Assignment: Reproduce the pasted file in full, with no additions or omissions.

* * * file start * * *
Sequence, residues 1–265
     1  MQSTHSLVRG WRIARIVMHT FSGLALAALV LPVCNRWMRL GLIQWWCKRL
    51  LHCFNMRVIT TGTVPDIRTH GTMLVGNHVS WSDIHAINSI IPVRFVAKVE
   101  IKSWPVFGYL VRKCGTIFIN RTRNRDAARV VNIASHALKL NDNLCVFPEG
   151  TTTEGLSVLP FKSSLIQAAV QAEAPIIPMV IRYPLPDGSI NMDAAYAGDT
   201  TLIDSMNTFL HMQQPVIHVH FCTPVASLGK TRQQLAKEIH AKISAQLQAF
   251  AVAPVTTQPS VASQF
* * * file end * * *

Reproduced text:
Sequence, residues 1–265
     1  MQSTHSLVRG WRIARIVMHT FSGLALAALV LPVCNRWMRL GLIQWWCKRL
    51  LHCFNMRVIT TGTVPDIRTH GTMLVGNHVS WSDIHAINSI IPVRFVAKVE
   101  IKSWPVFGYL VRKCGTIFIN RTRNRDAARV VNIASHALKL NDNLCVFPEG
   151  TTTEGLSVLP FKSSLIQAAV QAEAPIIPMV IRYPLPDGSI NMDAAYAGDT
   201  TLIDSMNTFL HMQQPVIHVH FCTPVASLGK TRQQLAKEIH AKISAQLQAF
   251  AVAPVTTQPS VASQF